lifestyle

Over 500 karaoke booths close due to COVID-19, dealing blow to the industry

5 Comments
By Katy Kelly, SoraNews24

Spend enough time in Japan and you’ll find yourself in a karaoke booth, whether by your own will or otherwise. Karaoke is such a deeply beloved institution in Japan that it’s possible to find onsen baths equipped with their own machines and Tokyo Dome City even offered patrons the chance to belt out some classics while ascending a Ferris wheel.

Unfortunately, the spread of COVID-19 has put somewhat of a damper on karaoke’s 50-year successful streak. Since the virus appears to be most easily spread by groups of people talking and yelling in close proximity, people are wisely steering clear of spaces where the entire point is to sit together in a small, questionably-ventilated room so you can all sing your lungs out together. The impact has been undeniable — the JKBA, or Japanese Karaoke Box Association, reports that over 500 karaoke outlets of the 6,000 registered across Japan have already closed due to lack of customers.

Complicating matters is how businesses were ordered to close to stem the spread of the virus, but many karaoke booths were still required to pay rent for the buildings they leased. And unlike other businesses that managed to operate within the lockdown, there’s doubt that customers even want to return to karaoke parlors now that they have the green-light to do so.

“This is the most dire situation we’ve faced since karaoke first started up in the 1970s,” one male karaoke booth manager commented.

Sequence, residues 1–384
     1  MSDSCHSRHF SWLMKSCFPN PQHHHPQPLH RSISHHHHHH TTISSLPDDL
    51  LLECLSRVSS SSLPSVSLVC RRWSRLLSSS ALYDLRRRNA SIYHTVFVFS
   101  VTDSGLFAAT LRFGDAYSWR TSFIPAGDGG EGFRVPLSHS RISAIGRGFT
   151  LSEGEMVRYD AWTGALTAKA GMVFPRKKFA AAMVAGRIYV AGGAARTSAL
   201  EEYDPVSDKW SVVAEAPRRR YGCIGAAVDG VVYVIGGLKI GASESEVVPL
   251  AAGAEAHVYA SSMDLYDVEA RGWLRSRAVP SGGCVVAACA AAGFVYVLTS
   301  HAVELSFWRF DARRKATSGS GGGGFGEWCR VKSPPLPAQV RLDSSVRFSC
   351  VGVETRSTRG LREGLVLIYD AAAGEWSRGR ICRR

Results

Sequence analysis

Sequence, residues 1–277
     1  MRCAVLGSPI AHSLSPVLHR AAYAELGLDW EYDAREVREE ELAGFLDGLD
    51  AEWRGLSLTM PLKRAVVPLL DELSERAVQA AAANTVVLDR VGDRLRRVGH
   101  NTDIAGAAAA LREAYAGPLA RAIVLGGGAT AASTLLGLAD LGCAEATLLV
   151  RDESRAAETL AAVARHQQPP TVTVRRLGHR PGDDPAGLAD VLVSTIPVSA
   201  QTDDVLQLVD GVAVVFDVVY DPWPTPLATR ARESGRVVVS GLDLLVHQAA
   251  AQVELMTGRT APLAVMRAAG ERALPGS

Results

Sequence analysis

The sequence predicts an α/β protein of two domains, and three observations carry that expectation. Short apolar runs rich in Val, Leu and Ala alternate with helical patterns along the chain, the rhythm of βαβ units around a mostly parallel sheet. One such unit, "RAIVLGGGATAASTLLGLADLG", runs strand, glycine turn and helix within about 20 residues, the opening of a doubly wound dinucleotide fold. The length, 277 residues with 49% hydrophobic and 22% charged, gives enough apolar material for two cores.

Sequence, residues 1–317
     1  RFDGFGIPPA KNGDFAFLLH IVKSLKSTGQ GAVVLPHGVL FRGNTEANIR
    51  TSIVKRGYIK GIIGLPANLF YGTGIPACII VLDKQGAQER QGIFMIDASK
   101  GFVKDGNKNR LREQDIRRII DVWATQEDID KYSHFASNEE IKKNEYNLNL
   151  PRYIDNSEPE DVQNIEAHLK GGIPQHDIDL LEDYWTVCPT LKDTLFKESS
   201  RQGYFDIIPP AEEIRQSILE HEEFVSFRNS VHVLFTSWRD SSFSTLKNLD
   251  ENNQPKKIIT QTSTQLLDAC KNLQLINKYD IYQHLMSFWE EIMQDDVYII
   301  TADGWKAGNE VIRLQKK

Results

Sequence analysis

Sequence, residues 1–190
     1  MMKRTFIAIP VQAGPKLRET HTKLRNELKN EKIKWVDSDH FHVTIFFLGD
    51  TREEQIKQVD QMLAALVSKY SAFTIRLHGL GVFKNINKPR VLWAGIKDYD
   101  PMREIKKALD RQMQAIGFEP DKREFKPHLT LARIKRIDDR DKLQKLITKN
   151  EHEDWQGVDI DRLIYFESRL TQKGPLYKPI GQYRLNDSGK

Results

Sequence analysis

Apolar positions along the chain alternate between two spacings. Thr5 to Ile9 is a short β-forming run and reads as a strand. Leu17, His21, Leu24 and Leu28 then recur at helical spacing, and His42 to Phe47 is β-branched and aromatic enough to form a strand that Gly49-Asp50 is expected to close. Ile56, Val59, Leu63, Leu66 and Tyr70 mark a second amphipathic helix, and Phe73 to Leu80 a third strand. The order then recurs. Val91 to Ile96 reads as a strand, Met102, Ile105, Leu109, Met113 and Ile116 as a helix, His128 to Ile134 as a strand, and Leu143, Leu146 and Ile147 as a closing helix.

Not everyone is missing the siren call of the karaoke booth, however. Some netizens expressed relief that their friends will stop forcing them to sing in public, while others grumbled at how uncomfortable and inconvenient it is to sing from behind a face mask. Others suggested government funding to bail out existing karaoke booths, or possibly using the soundproofed spaces for rentals to do less risky activities like watching concert DVDs or practicing musical instruments.

Karaoke is hardly the only cultural staple to have been put in a precarious position by the pandemic, but it’s definitely one of the most sorely felt. Diehard karaoke fans can at least rest assured that if they really, really need to get their fix, there’s a safe and completely normal-looking way to do so.

Source: Yahoo!Japan News/Asahi Shimbun via Hachima Kiko

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5 Comments
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possibly using the soundproofed spaces for rentals to do less risky activities like watching concert DVDs or practicing musical instruments.

This is already common from what I heard. I know a sax player who goes to karaoke boxes to practice. She said this is quite common with musicians.

2 ( +2 / -0 )

It's not the nostalgia 90s anymore. People can karaoke right in their house these days with much better atmosphere and entertainment.

0 ( +2 / -2 )

People can karaoke right in their house these days with much better atmosphere.

I had no idea. looking forward to serenading my neighbors

4 ( +4 / -0 )

Pachinko parlours however are still pumping out the tobacco odour and the god damn noise.

0 ( +0 / -0 )

Wish it was pachinko closing. But being backed by organised crime, they can survive.

Are karaoke places not backed by organised crime too - I’m shocked

0 ( +0 / -0 )

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